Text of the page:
A broad collaboration of research institutions in the U.S. and China has produced a first draft of the papaya genome. This draft, which spells out more than 90 percent of the plants gene coding sequence, sheds new light on the evolution of flowering plants. And because it involves a genetically modified plant, the newly sequenced papaya genome offers the most detailed picture yet of the genetic changes that make the plant resistant to the papaya ringspot virus.
The findings appear as the cover article in the journal Nature.
Papaya is now the fifth angiosperm (flowering plant) for which detailed genome information is available. The others are Arabidopsis (a well-studied member of the mustard family that includes species such as cabbage and radish), rice, poplar and grape.
One of the implications of this study is, on a larger scale, to understand the genome evolution of angiosperms, said Ray Ming, a University of Illinois professor of plant biology and co-lead author on the study.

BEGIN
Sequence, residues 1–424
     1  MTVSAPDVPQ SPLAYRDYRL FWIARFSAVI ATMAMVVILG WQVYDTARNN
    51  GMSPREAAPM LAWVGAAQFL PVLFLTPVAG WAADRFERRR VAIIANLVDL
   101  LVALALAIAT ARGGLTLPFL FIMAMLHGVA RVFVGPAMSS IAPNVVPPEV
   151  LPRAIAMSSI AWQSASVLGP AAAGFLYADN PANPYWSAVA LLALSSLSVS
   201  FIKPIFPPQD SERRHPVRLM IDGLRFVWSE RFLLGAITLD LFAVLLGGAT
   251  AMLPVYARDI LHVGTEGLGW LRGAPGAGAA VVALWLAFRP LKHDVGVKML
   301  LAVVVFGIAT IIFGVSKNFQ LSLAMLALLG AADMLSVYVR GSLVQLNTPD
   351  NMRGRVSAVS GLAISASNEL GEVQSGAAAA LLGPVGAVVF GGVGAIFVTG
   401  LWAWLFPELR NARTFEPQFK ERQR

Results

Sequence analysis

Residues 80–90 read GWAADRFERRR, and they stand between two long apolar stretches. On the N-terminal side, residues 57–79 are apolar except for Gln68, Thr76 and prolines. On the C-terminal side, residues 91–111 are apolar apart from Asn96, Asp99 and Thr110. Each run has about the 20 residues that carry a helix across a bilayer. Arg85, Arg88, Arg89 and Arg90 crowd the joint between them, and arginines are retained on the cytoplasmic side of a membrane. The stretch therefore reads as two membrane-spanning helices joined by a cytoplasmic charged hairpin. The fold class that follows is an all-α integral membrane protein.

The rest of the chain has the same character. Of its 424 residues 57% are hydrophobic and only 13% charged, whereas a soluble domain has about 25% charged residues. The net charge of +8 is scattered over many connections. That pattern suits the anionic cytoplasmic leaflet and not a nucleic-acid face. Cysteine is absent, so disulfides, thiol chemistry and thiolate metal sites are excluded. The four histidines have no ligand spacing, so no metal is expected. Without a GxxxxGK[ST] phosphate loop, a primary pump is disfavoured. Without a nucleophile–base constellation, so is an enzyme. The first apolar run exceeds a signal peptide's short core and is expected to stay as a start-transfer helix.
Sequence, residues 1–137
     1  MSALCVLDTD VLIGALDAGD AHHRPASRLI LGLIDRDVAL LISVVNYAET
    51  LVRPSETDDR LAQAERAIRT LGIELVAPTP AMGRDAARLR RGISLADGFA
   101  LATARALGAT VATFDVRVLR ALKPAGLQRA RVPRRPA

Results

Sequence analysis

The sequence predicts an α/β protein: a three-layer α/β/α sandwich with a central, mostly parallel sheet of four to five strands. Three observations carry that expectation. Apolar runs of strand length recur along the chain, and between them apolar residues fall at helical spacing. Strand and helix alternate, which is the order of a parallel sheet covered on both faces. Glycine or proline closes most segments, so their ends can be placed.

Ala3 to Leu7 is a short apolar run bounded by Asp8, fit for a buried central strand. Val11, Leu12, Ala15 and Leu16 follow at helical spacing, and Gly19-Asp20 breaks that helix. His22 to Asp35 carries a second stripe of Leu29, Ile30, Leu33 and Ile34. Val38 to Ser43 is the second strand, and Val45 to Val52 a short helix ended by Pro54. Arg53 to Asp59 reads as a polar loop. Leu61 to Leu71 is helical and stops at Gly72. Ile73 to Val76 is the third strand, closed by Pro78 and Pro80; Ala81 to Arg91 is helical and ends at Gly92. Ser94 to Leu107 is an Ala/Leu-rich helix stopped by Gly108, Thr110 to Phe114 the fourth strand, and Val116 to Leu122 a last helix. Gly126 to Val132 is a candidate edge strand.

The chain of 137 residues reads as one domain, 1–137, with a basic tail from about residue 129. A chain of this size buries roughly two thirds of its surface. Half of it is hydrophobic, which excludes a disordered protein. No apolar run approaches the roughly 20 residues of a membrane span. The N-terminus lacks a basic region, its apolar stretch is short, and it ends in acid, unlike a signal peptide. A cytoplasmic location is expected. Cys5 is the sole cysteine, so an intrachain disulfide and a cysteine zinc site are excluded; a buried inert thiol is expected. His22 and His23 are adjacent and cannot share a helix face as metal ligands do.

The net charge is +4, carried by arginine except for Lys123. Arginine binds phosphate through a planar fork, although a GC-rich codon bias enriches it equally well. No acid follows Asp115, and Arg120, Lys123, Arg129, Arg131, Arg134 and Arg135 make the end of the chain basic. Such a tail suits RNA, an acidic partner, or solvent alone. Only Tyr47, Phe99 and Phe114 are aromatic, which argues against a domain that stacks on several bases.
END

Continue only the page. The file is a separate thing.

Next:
The new findings indicate that the papaya genome took a different evolutionary path after its divergence from that of Arabidopsis about 72 million years ago, Ming said. Arabidopsis underwent two duplications of its entire genome in its recent evolutionary past, he said. These duplications, called alpha and beta, are not shared by papaya or grape. A much earlier triplication of the genome, called gamma, that is estimated to have occurred some 120 million years ago, is shared by all four eudicot plants Arabidopsis, poplar, grape and papaya for which genome sequences are available.
Papaya is one of the most nutritious fruits known. Its melon-like flesh is high in provitamin A, vitamin C, flavonoids, folate, pantothenic acid, potassium, magnesium and fiber.
The papaya plant also produces papain, a digestive enzyme that is used in brewing, meat tenderizing, and in some cosmetics and pharmaceutical products. Today it is culti
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University of Illinois at Urbana-Champaign